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PLoS One. 2015 Mar 3;10(3):e0117963. doi: 10.1371/journal.pone.0117963. eCollection 2015.

Proteomic analysis of mitochondrial-associated ER membranes (MAM) during RNA virus infection reveals dynamic changes in protein and organelle trafficking.

Author information

1
Department of Immunology, University of Washington, Seattle, Washington, United States of America; Department of Medicine, Duke University Medical Center, Durham, North Carolina, United States of America.
2
Department of Immunology, University of Washington, Seattle, Washington, United States of America.
3
Department of Molecular Genetics and Microbiology, Duke University Medical Center, Durham, North Carolina, United States of America.

Abstract

RIG-I pathway signaling of innate immunity against RNA virus infection is organized between the ER and mitochondria on a subdomain of the ER called the mitochondrial-associated ER membrane (MAM). The RIG-I adaptor protein MAVS transmits downstream signaling of antiviral immunity, with signaling complexes assembling on the MAM in association with mitochondria and peroxisomes. To identify components that regulate MAVS signalosome assembly on the MAM, we characterized the proteome of MAM, ER, and cytosol from cells infected with either chronic (hepatitis C) or acute (Sendai) RNA virus infections, as well as mock-infected cells. Comparative analysis of protein trafficking dynamics during both chronic and acute viral infection reveals differential protein profiles in the MAM during RIG-I pathway activation. We identified proteins and biochemical pathways recruited into and out of the MAM in both chronic and acute RNA viral infections, representing proteins that drive immunity and/or regulate viral replication. In addition, by using this comparative proteomics approach, we identified 3 new MAVS-interacting proteins, RAB1B, VTN, and LONP1, and defined LONP1 as a positive regulator of the RIG-I pathway. Our proteomic analysis also reveals a dynamic cross-talk between subcellular compartments during both acute and chronic RNA virus infection, and demonstrates the importance of the MAM as a central platform that coordinates innate immune signaling to initiate immunity against RNA virus infection.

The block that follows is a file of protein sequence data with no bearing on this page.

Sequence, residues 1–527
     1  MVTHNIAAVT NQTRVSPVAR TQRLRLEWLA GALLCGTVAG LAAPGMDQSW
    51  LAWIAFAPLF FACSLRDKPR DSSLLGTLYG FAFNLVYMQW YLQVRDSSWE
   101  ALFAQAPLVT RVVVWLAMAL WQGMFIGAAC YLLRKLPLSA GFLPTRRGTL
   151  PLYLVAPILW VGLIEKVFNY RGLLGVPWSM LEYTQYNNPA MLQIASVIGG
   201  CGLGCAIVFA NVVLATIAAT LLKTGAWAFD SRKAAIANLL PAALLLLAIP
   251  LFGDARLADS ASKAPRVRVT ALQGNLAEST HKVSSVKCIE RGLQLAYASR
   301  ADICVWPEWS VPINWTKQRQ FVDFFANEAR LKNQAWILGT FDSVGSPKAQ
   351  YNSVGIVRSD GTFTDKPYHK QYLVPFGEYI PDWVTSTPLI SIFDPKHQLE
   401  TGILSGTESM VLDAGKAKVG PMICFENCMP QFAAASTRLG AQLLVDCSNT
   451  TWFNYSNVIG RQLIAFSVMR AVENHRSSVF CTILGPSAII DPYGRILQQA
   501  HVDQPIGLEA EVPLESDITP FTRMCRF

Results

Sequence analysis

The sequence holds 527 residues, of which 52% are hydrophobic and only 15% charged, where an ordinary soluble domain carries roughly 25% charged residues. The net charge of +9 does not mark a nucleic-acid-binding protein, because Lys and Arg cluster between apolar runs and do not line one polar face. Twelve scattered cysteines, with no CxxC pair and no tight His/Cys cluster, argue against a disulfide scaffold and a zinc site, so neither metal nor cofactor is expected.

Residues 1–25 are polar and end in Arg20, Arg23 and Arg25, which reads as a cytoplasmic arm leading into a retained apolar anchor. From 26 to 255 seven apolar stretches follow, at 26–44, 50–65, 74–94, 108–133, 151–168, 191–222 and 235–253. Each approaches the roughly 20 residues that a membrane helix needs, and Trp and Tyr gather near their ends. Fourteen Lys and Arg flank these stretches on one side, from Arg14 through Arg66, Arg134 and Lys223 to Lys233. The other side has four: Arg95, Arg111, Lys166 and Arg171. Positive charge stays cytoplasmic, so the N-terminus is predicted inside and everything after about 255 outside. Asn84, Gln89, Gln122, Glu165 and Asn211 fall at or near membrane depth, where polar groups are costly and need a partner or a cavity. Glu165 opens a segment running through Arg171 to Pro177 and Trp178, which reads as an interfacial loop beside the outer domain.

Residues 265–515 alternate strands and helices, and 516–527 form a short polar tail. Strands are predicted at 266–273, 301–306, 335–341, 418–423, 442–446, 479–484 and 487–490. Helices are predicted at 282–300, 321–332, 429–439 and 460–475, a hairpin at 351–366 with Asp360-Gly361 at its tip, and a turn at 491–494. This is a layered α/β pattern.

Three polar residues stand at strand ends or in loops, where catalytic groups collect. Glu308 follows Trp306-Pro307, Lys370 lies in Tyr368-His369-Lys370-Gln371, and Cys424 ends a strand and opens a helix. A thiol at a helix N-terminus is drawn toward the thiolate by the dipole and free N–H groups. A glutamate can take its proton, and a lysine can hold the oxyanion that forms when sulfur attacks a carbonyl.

PMID:
25734423
PMCID:
PMC4348417
DOI:
10.1371/journal.pone.0117963
[Indexed for MEDLINE]
Free PMC Article
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